Second show of the 2014 Ottawa Fringe Festival, and second show in a row (of three, as it would turn out) in the BYOV Courthouse venue. Which was no problem, I dig the courthouse, it’s a pretty sweet little room. And this year, I definitely wanted to see ALL of the shows that were playing within its walls, and few more than the one I was about to catch.
The show up next was MOONLIGHT AFTER MIDNIGHT from Concrete Drops, part of the Martin Dockery trifecta at this year’s festival (along with his sol show THE SURPRISE, and a production of one of his older scripts PACO V PUT TO SLEEP by Black Sheep Theatre). This particular show was one Dockery wrote and performs in with Vanessa Quesnelle, who Ottawa last saw as a duo in last year’s THE PIT. That show rocked, so it was gonna be a treat to see them back onstage together again, in what turned out to be a world-premiere performance at that.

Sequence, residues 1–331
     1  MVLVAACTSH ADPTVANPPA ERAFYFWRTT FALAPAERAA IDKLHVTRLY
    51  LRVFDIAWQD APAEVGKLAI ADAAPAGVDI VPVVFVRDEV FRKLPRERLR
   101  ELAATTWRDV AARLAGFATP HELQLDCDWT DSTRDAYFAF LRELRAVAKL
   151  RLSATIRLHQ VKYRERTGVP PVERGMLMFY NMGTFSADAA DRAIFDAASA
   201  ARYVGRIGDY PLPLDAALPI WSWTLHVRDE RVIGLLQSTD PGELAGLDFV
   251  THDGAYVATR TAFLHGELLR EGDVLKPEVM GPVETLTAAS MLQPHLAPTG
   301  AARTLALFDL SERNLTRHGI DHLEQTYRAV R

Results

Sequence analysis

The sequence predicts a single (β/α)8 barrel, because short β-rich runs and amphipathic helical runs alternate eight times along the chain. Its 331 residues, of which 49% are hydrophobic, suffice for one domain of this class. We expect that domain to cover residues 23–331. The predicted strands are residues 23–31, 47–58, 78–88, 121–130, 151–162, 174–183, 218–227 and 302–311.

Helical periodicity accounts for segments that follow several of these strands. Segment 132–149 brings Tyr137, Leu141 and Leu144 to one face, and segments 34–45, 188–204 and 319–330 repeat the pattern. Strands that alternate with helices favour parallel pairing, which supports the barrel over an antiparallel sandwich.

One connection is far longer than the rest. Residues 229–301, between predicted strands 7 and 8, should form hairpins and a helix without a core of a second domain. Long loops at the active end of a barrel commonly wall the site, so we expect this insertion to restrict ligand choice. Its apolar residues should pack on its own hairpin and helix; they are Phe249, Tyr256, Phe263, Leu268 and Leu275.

A man sits alone in a room, staring out at the stars. A woman enters, singing a sad old love song. After a moment, their eyes meet, and…then what? They fall in love, they glare angrily, they haven’t a clue who they are…it seems to change and reset as the play goes on, but a few constants remain. A comet wanes in the night sky, a Wedding looms just down the hall, and a man and a woman look into each other’s eyes and everything changes. This is a script that’s kind of hard to talk about without pedantically giving everything away, so I’m gonna stop right there, and say that this is a goddamn incredible show. For those familiar with Dockery’s solo storytelling shows, this piece highlights a vulnerable side of his persona that doesn’t often come out in his more animated performances, and it’s wonderful. And Vanessa Quesnelle is simply impossible to take your eyes off of, smart, sultry and commanding the moment she hits the stage. It’s evident that these two love working together, and this script seems tailor-made just for the two of them (which I suspect, of course, it actually was). The twists and turns that the play puts these two wonderful actors through are each more intriguing than the last, understated and subtle but somehow life-changing. A few simple lighting tricks are used to pretty sweet effect along the way, putting the icing on the cake. This is just great theatre, folks, with a gripping story and performances and an ending that just may break your heart. Not only well worth seeing, but well worth seeing AGAIN once you’ve seen it the first time. Lord knows I’m considering it. Peace, love and soul,